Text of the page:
In Part 1 of this two-part series, S/M Director of Strategy, Brian Gee, dives deep into the world of higher education to explore the surprising differences between university students. The result? A stereotype in need of overturning, and some insights into how change can be effected in the industry.
When you think about students in higher education at a traditional university or college, you’re likely conjuring up the tried and true stereotypes: the lifelong high achiever fulfilling their destiny, or the social butterfly just trying to “figure it all out.” But those two stereotypes account for only 35% of the higher education market.* Yep – just over a third.
Now, picture a thirty-something student with a full-time job. Perhaps a spouse and a couple of kids to round out their family. Or an early twenty-something, a year or two out of high school who wants something more active and satisfying than a desk job. Got the image?
You’re now picturing at least 40% of students enrolled at an institution of higher education. And very few of them are at traditional universities.
In reality, they tend to be at online-only universities. Many more are at trade schools. Which led us to a serious question: If “traditional” students defy our stereotypes, then how diverse are online and trade students from one another – Both in gender and in their decision-making windows? So we trained our Digital Insights Suite on two industry-leading schools as examples.
What did we find? Well, that’s another surprise.
While online- and trade-school students similarly choose to pursue their education outside of a traditional university setting, there are several key differences between the two types of education consumers. Here’s one key separator (and why it matters to marketers):
As recently as ten years ago, online universities were majority male institutions. That’s not the case anymore.
Today, students at online universities are slightly more likely to identify as female (51% to 49%). This holds true across most programs including business and healthcare. Only computer science programs enroll more men than women.
While the gender gap may have closed in online universities, trade schools have yet to even the gender scales. Over half (56%) of trade school students identify as male with only 44% identifying as female.
Online universities should ensure their marketing matches the diversity of their classrooms while increasing promotion of STEM programs for women. And as brands continue to play an increasingly important role in social causes, online universities should partner with employers and organizations who seek to advance female leadership, from management positions all the way to the boardroom.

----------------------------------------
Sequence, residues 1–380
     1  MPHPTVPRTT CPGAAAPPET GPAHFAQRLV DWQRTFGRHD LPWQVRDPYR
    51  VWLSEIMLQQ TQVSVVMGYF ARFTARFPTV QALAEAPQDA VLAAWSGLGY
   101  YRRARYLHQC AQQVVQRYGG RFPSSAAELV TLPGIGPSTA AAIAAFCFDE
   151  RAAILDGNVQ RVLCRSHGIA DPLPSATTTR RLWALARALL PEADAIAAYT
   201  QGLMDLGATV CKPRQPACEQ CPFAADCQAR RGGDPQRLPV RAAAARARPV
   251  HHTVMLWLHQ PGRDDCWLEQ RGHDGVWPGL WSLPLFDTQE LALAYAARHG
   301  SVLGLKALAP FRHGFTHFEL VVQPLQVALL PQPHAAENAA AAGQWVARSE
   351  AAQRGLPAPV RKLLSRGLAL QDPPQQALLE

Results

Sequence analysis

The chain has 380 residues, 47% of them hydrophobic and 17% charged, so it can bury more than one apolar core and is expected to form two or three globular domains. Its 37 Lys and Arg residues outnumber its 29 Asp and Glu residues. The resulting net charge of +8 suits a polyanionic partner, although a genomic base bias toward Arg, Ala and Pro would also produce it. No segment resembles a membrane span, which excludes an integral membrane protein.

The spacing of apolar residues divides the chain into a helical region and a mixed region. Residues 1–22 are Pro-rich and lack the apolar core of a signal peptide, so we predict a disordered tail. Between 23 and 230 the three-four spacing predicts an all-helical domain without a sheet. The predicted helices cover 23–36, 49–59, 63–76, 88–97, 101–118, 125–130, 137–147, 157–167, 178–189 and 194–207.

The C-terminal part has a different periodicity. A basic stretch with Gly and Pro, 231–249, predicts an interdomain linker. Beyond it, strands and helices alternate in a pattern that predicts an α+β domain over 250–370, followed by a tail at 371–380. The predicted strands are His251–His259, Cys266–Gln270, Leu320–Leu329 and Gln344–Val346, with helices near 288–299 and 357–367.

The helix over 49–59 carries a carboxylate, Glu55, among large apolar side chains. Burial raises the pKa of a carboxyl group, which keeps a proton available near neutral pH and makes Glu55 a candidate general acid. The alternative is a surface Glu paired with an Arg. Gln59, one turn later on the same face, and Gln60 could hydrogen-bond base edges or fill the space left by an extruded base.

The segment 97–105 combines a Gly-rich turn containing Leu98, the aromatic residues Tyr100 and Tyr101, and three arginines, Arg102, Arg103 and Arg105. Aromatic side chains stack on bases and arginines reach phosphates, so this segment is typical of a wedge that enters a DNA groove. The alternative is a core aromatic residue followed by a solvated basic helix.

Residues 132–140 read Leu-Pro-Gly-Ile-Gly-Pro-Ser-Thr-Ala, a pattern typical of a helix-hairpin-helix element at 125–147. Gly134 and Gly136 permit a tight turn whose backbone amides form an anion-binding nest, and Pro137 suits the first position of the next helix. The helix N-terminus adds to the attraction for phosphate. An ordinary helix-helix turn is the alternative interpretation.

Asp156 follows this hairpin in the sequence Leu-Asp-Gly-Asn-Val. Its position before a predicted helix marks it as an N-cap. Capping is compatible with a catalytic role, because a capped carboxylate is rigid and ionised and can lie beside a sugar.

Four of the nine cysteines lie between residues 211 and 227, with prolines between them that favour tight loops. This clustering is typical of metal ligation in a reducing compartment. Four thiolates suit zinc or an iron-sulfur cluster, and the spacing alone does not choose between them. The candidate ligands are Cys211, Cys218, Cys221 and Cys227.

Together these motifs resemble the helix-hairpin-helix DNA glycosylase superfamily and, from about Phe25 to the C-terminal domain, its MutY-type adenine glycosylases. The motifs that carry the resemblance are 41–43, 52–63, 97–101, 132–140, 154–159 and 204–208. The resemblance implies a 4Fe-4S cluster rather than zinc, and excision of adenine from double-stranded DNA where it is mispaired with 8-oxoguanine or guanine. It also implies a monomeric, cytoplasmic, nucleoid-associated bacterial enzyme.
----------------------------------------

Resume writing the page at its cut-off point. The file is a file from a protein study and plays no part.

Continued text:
Trade schools have a higher hurdle to overcome. In addition to updating male-dominant websites and collateral to reflect a new level of gender diversity, trade schools should consider taking a leadership position within the industries that employ their graduates, calling employer-partners to the highest standards in workplace ethics and emphasizing the importance of women in leadership positions.
There’s a key difference between the online student and the trade school student in terms of their decision window – and it has a serious impact on when marketers should make first contact. That insight is coming up in Part 2 of this series.
Want to see what insights our Strategy Team can uncover for you with our Digital Insights Suite? Contact us today with your most pressing business question, and we’ll help you find the answer.
*Source: The Differentiated University | http://cdn.ey.com/parthenon/pdf/perspectives/4.4.2-The-Differentiated-University-Part-I-1-disclaimer.pdf
COVID-19 is rapidly changing what “business as usual” looks like. While some of the world’s biggest brands are using their powers for good to fight the impact of this pandemic, many more are wondering what to do when no two days are the same. Here’s what we think.
The average person is exposed to thousands of online marketing messages a day. It simply isn’t possible to absorb them all. So how do digital marketers get noticed? Some say shorter attention spans are the problem, and shorter content is the solution. We think it’s more complicated than that.
Art director Kaity Burns loved working for our Chicago-based agency, but wanted to raise her family in North Carolina. Thanks to Kaity’s pioneering spirit, and the progressive thinking of our founders, our agency took the leap into the world of working remotely.
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